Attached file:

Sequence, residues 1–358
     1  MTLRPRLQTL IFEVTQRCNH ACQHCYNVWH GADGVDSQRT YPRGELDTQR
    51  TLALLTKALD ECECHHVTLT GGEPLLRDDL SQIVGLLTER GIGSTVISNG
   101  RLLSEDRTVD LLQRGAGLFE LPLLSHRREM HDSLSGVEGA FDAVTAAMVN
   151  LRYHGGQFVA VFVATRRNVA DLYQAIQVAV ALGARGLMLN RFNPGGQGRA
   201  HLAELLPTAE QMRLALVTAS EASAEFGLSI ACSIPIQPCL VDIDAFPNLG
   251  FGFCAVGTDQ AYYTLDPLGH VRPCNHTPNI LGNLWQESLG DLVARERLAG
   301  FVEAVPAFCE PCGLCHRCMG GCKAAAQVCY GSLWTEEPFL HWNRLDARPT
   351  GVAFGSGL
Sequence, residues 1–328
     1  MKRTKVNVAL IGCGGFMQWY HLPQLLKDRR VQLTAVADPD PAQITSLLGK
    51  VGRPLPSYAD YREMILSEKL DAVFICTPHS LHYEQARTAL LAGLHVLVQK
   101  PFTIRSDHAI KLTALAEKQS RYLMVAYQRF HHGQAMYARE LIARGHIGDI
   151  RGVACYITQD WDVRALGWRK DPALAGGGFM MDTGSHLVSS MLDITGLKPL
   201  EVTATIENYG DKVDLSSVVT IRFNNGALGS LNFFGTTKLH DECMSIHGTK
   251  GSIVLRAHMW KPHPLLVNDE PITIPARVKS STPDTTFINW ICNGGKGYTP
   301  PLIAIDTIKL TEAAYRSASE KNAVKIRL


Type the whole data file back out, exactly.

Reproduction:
Sequence, residues 1–358
     1  MTLRPRLQTL IFEVTQRCNH ACQHCYNVWH GADGVDSQRT YPRGELDTQR
    51  TLALLTKALD ECECHHVTLT GGEPLLRDDL SQIVGLLTER GIGSTVISNG
   101  RLLSEDRTVD LLQRGAGLFE LPLLSHRREM HDSLSGVEGA FDAVTAAMVN
   151  LRYHGGQFVA VFVATRRNVA DLYQAIQVAV ALGARGLMLN RFNPGGQGRA
   201  HLAELLPTAE QMRLALVTAS EASAEFGLSI ACSIPIQPCL VDIDAFPNLG
   251  FGFCAVGTDQ AYYTLDPLGH VRPCNHTPNI LGNLWQESLG DLVARERLAG
   301  FVEAVPAFCE PCGLCHRCMG GCKAAAQVCY GSLWTEEPFL HWNRLDARPT
   351  GVAFGSGL
Sequence, residues 1–328
     1  MKRTKVNVAL IGCGGFMQWY HLPQLLKDRR VQLTAVADPD PAQITSLLGK
    51  VGRPLPSYAD YREMILSEKL DAVFICTPHS LHYEQARTAL LAGLHVLVQK
   101  PFTIRSDHAI KLTALAEKQS RYLMVAYQRF HHGQAMYARE LIARGHIGDI
   151  RGVACYITQD WDVRALGWRK DPALAGGGFM MDTGSHLVSS MLDITGLKPL
   201  EVTATIENYG DKVDLSSVVT IRFNNGALGS LNFFGTTKLH DECMSIHGTK
   251  GSIVLRAHMW KPHPLLVNDE PITIPARVKS STPDTTFINW ICNGGKGYTP
   301  PLIAIDTIKL TEAAYRSASE KNAVKIRL